AWS Public Sector Blog

Automating Governance on AWS

IT governance identifies risk and determines the identity controls to mitigate that risk. Traditionally, IT governance has required long, detailed documents and hours of work for IT managers, security or audit professionals, and admins. Automating governance on AWS offers a better way.

Let’s consider a world where only two things matter: customer trust and cost control. First, we need to identify the risks to mitigate:

  • Customer Trust: Customer trust is essential. Allowing customer data to be obtained by unauthorized third parties is damaging to customers and the organization.
  • Cost: Doing more with your money is critical to success for any organization.

Then, we identify what policies we need to mitigate those risks:

  • Encryption at rest should be used to avoid interception of customer data by unauthorized parties.
  • A consistent instance family should be used to allow for better Reserved Instance (RI) optimization.

Finally, we can set up automated controls to make sure those policies are followed. With AWS, you have several options:

Encrypting Amazon Elastic Block Store (EBS) volumes is a fairly straightforward configuration.  However, validating that all volumes have been encrypted may not be as easy.  Despite how easily volumes can be encrypted, it is still possible to overlook or intentionally not encrypt a volume. AWS Config Rules can be used to automatically and in real time check that all volumes are encrypted. Here is how to set that up:

  • Open AWS Console
  • Go to Services -> Management Tools -> Config
  • Click Add Rule
  • Click encrypted-volumes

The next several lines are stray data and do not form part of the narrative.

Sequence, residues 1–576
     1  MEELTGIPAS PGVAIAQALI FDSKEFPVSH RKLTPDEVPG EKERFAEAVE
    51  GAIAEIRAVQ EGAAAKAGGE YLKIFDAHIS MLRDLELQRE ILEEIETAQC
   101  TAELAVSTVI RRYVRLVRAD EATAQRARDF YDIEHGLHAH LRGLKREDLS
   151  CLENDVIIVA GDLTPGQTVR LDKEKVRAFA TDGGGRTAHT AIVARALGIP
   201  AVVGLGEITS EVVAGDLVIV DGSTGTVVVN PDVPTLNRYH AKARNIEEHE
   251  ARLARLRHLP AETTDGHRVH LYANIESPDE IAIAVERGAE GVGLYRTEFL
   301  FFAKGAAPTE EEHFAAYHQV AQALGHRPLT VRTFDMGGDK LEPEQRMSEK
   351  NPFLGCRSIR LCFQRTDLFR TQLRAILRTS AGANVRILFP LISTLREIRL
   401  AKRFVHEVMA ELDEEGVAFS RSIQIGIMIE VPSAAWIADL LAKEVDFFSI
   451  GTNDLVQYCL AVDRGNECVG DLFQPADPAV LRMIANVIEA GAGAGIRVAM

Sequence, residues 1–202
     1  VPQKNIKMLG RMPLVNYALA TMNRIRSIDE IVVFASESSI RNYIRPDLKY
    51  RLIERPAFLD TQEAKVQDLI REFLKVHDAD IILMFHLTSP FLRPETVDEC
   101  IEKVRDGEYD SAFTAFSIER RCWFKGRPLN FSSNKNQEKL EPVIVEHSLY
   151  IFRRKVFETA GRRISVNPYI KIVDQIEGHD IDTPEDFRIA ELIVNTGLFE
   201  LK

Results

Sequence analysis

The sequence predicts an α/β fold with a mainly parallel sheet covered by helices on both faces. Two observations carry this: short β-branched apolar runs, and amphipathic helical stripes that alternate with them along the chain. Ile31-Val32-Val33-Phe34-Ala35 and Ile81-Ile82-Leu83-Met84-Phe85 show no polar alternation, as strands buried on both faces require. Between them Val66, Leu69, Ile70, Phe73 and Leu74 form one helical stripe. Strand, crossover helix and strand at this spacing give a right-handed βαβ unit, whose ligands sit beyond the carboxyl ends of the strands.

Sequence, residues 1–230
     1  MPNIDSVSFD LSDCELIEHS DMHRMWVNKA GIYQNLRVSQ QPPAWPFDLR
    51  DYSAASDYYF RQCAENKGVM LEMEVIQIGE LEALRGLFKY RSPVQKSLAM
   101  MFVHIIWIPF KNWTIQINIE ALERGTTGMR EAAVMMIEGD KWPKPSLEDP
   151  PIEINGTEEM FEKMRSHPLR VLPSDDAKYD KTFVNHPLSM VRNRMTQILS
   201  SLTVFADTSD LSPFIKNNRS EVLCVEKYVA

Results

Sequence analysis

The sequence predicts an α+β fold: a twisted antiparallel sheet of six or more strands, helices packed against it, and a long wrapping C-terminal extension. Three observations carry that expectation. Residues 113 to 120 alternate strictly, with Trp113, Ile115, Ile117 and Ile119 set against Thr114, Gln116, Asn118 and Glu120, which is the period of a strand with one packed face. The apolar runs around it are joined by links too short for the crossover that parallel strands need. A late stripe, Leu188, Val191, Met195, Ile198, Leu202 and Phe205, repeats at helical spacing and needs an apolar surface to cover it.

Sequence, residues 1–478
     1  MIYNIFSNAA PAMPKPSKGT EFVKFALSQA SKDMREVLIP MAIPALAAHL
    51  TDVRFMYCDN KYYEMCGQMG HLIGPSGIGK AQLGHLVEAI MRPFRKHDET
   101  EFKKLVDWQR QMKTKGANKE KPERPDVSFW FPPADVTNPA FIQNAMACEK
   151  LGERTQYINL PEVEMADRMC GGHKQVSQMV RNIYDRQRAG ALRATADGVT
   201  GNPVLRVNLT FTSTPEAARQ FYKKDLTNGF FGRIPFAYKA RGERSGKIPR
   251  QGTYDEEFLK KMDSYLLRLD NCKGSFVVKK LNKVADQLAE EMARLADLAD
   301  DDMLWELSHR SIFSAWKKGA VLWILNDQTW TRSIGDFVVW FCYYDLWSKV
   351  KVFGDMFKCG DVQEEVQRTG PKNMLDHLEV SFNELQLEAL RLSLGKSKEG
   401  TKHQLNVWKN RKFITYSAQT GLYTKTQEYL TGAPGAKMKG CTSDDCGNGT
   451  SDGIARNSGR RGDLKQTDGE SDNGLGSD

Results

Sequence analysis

• Click Save

Once the rule has finished being evaluated, you can see a list of EBS volumes and whether or not they are compliant with this new policy. This example uses a built-in AWS Config Rule, but you can also use custom rules where built-in rules do not exist.

When you get several Amazon Elastic Compute Cloud (Amazon EC2) instances spun up, eventually you will want to think about purchasing Reserved Instances (RIs) to take advantage of the cost savings they provide.  Focus on one or a few instance families and purchase RIs of different sizes within those families.  The reason to do this is because RIs can be split and combined into different sizes if the workload changes in the future. Reducing the number of instance families used increases the likelihood that a future need can be accommodated by resizing existing RIs. To enforce this policy, an IAM rule can be used to allow creation of EC2 instances which are in only the allowed families. See below:

It’s just that simple.

With AWS automated controls, system administrators don’t need to memorize every required control, security admins can easily validate that policies are being followed, and IT managers can see it all on a dashboard in near real time – thereby decreasing organizational risk and freeing up resources to focus on other critical tasks.

To learn more about Automating Governance on AWS, read our white paper, Automating Governance: A Managed Service Approach to Security and Compliance on AWS.

A guest blog by Joshua Dayberry, Senior Solutions Architect, Amazon Web Services Worldwide Public Sector 

AWS Public Sector Blog Team

AWS Public Sector Blog Team

The Amazon Web Services (AWS) Public Sector Blog team writes for the government, education, and nonprofit sector around the globe. Learn more about AWS for the public sector by visiting our website (, or following us on Twitter (@AWS_gov, @AWS_edu, and @AWS_Nonprofits).